This Thanksgiving, I Thank God for Difficult People

In the fall of 1863, President Abraham Lincoln issued two landmark statements. You probably know about the first—the famous Gettysburg Address, in which Lincoln commemorated the battlefield of Gettysburg. At Gettysburg, Lincoln called the nation to remember the sacrifice of the fallen and to redouble its commitment to the cause of freedom.

The other statement, made just weeks before, may be a bit more surprising. On October 3, 1863, President Lincoln instituted the first official Thanksgiving holiday.

Lincoln wrote, “It has seemed to me fit and proper that [the gracious gifts of the Most High God] should be solemnly, reverently and gratefully acknowledged as with one heart and one voice by the whole American People.” Thus Lincoln set apart the last Thursday of November as “a day of Thanksgiving and Praise to our beneficent Father.” Apparently, in the midst of the worst war our nation had ever seen, Lincoln thought the time was ripe for gratitude.

We may be tempted to think Lincoln’s statement of gratitude was inappropriate, naïve, or even offensive. Reading the entire text of Lincoln’s Thanksgiving Proclamation, however, disabuses the modern reader from the conclusion that he had (somehow) forgotten about the Civil War. Lincoln candidly addressed the horrors of the Civil War, a war “of unequaled magnitude and severity” that had transformed tens of thousands of Americans into “widows, orphans, mourners or sufferers in the lamentable civil strife.” But he coupled this hardship with hope, recognizing the hand of God guiding him through the valley of the shadow of death.

Conflict and gratitude. Hardship and hope. Lincoln wasn’t confused. He was seeing thanksgiving through a biblical lens.

Bear With One Another … And Be Thankful
The apostle Paul, writing to the believers in Colossae, combines the ideas of conflict and thanksgiving in a familiar passage:

Put on then, as God’s chosen ones, holy and beloved, compassionate hearts, kindness, humility, meekness, and patience, bearing with one another and, if one has a complaint against another, forgiving each other; as the Lord has forgiven you, so you also must forgive. And above all these put on love, which binds everything together in perfect harmony. And let the peace of Christ rule in your hearts, to which indeed you were called in one body. And be thankful. (Col. 3:12–15, ESV)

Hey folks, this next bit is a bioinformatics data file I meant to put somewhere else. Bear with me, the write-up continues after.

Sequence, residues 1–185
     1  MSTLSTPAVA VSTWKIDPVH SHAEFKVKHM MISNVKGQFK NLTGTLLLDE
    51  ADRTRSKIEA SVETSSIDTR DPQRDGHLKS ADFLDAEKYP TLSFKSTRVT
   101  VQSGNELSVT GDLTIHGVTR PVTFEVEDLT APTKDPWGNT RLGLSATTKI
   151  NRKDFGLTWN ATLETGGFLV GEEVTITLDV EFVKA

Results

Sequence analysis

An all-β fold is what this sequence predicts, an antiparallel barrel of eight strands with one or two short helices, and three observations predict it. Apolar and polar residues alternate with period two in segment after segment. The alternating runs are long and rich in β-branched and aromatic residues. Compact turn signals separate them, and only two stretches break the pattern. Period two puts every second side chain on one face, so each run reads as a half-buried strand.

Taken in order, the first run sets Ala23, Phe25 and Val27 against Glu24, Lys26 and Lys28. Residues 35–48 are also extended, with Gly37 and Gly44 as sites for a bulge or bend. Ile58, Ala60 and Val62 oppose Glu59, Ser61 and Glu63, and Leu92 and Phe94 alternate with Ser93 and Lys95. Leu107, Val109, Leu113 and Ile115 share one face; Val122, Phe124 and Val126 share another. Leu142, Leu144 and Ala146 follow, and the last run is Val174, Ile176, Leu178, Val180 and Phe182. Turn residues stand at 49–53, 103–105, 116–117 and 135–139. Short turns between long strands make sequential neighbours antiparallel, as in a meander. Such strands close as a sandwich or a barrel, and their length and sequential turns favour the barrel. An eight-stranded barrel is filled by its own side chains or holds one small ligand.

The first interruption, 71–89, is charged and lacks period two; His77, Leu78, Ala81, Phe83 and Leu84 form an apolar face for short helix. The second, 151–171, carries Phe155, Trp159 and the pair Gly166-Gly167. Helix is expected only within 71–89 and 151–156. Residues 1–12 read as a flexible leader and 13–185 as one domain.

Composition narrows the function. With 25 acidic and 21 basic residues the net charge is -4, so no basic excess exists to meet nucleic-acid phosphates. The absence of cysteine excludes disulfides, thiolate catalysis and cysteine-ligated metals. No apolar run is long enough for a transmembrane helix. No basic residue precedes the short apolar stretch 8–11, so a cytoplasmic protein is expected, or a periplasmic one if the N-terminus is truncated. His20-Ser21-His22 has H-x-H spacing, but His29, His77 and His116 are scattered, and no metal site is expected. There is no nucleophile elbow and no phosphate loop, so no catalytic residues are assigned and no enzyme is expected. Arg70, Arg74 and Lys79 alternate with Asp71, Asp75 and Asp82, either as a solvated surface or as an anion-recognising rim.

Whenever Paul piles up short imperatives like this, it can be easy to miss the freight behind each command. For those of us overly familiar with “church talk,” we fly over lists like these. Kindness, I’ve heard that one. Humility, that one, too. Meekness, check. Patience, check. On we go down the list, nodding along in passive agreement. Mentally, we begin to reduce Paul’s commands down to “God wants us to be nice.”

And we miss the difficult, counter-cultural, toe-stomping challenge Paul is actually giving.

You see, none of what Paul says here is enjoyable in practice. To grow in patience, we must be in situations that require patience. To grow in meekness, we must be in situations that require submission—and we must choose submission, too. To forgive, we must be wronged, and then we must choose to extend grace anyway. And if “humility” sounds like “humiliation” to you, you’re actually not too far off the track.

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SOURCE: Christianity Today, Chris Pappalardo